God comes after midterms
Even well-intentioned young adults may put their faith on hold in college
Women’s Night Out is a peculiar title for an event meant to be spent “in.” I attended UC Davis’ InterVarsity Christian Fellowship’s Women’s Night Out in my trendiest outfit, leaving no question about my Friday night’s potential.
There was nothing particularly welcoming about the house we met at: closed blinds, closed door and no sign saying “Christian girls, assemble here!” I was tense. My Christian upbringing didn’t bring relief. Isn’t this my domain? I knocked quietly. A blond girl answered the door. I was a stranger and I felt it. Perhaps I should have shown my heathen face earlier.
“Are you a freshman?” she asked.
“No, I’m a sophomore. It’s my first time with InterVarsity,” I sheepishly explained.
They were confused; why had they not seen me at small groups before if I’d been a student for a year?
I was confused; why wasn’t I being given a guilt-inciting lecture listing the things I should have done to nourish my young adult faith? But the Christian girls were nonjudgmental smilers, and I let myself get swept away by their sweet voices.
Just as the InterVarsity house daunted me, the idea of declaring a religious conviction and sticking to its standard of living is overwhelming for some college students. In college, we quickly learn that the simplest way to answer (or evade) the question “What faith do you practice?” is: “Well, I was raised … ”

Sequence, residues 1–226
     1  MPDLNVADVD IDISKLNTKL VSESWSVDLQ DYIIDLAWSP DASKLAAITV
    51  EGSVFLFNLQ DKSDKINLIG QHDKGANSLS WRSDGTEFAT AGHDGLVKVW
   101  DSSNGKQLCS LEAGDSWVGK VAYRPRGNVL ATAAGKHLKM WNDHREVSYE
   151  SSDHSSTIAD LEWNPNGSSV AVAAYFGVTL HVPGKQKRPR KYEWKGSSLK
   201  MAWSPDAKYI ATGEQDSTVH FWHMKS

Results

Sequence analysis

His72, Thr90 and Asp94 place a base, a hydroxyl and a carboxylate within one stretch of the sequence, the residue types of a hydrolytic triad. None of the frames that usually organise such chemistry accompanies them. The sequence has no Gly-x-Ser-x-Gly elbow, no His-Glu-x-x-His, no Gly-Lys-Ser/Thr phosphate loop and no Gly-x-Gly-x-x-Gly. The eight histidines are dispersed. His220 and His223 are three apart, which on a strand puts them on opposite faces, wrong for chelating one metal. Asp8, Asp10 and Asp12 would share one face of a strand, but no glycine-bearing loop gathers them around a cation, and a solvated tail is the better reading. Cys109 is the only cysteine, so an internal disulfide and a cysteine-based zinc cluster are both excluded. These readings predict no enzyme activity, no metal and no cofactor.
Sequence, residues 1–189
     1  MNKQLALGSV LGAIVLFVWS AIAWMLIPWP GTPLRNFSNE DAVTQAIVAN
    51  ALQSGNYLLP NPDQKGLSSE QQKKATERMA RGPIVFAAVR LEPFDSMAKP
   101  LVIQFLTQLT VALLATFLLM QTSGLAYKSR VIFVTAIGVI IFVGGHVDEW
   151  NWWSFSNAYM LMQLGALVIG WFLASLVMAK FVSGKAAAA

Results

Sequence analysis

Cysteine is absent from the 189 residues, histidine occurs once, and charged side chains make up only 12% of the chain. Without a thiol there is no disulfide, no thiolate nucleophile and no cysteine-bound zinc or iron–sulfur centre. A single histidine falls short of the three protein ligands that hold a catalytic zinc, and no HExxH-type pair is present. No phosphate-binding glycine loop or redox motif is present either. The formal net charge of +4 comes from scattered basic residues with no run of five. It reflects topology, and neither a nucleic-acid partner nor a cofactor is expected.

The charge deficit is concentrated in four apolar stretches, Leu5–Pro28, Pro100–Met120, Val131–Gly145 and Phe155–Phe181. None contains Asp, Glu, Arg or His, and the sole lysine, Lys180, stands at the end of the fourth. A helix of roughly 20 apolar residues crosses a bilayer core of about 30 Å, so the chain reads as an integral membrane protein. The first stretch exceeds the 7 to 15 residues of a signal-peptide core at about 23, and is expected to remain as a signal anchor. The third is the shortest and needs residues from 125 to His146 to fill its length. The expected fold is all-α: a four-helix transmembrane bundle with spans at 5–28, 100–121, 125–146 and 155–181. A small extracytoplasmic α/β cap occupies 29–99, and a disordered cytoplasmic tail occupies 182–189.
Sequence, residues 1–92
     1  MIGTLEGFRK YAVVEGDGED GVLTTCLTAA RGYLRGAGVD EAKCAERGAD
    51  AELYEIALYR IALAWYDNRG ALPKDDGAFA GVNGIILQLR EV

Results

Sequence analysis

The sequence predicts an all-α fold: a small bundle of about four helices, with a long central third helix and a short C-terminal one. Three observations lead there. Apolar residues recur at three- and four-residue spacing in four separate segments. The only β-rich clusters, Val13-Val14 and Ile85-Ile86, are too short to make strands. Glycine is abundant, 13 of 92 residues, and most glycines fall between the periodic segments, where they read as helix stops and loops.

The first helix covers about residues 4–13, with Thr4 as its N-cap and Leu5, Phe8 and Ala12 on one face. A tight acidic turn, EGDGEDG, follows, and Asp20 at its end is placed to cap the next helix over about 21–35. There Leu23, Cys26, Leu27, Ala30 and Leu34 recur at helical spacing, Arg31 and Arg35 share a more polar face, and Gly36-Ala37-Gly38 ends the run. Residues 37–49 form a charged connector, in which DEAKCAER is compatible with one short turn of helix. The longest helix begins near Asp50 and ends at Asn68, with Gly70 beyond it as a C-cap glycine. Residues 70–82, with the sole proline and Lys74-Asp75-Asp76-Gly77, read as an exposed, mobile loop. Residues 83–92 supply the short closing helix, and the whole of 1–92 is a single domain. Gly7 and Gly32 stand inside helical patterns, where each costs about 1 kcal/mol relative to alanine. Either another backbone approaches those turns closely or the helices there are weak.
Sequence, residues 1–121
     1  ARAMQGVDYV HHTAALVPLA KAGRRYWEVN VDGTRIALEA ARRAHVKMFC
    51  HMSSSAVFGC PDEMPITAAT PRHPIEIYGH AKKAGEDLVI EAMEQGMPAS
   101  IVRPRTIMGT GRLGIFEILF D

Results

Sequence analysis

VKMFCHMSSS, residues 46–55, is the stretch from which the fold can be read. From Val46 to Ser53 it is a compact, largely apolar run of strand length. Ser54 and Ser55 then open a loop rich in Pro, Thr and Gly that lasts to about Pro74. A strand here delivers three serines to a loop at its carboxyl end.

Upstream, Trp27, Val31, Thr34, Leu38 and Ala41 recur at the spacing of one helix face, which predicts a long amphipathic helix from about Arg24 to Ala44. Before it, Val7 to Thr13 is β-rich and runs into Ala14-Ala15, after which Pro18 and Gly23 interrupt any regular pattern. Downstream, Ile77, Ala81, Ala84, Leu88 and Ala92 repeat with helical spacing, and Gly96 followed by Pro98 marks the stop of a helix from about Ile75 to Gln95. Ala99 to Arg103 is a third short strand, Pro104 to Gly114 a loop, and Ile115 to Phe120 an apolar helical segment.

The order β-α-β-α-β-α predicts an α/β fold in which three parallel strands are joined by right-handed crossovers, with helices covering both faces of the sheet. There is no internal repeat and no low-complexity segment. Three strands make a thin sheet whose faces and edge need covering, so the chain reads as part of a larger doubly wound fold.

An “I was raised” response has many meanings: I was brainwashed and I’ve rejected everything. I was highly motivated by my parents and, now that they’re not around, I don’t practice. I was a willing adherent, but I swear I’m not a self-righteous homophobe. I don’t want you to look at my current “I’m trying everything once” lifestyle and judge the hypocrisy of it all. I’m presently questioning my beliefs and can’t classify myself now.
“I don’t practice as much as I feel like I should, but I practice Judaism,” was the wordy affirmation of religion I received from a Davis sophomore.
A tremendous amount of guilt is associated with practicing religion in college. Most religions that I’m aware of do not condone experiments with sex and drugs as well as copious amounts of drinking, but let’s face it: Lots of students are engaged in those things. Perhaps it is just easier at this point to compartmentalize every aspect of your self until you can reconcile one with the other and be a coherent person. If you say you’re (fill in the blank) and your actions do not match up, then you feel relentlessly guilty. Guilt is just too much to cope with on top of two midterms and a nine-page paper due, which brings me to my next point.
Grade-point averages don’t plummet for missing church, temple, synagogue, mosque, etc. You can study for those two midterms and write that nine-page paper, do well in school and maybe when you’re academically free, you’ll pencil in religion.
And as professors pop each microcosmic bubble one eye-widening lecture at a time, it is only natural to question the beliefs you were brought up with. In a community that prizes evidence-based conclusions, where does faith fit into the equation?
“When you don’t have your parents to constantly redirect your focus, why focus on something you already know?” said a girl from InterVarsity. It’s difficult recreating the family atmosphere, a major component of many religious practices and traditions, in college.
But it is possible to turn to other students for that religious family. “We’re standing in as the older brother/sister to hold students accountable,” explained students tabling for the Muslim Student Association.
Still, the degree of observance varies from student to student during this time allotted for soul-seeking. Who knows? Perhaps my new InterVarsity friends will be graced by my presence at another gathering.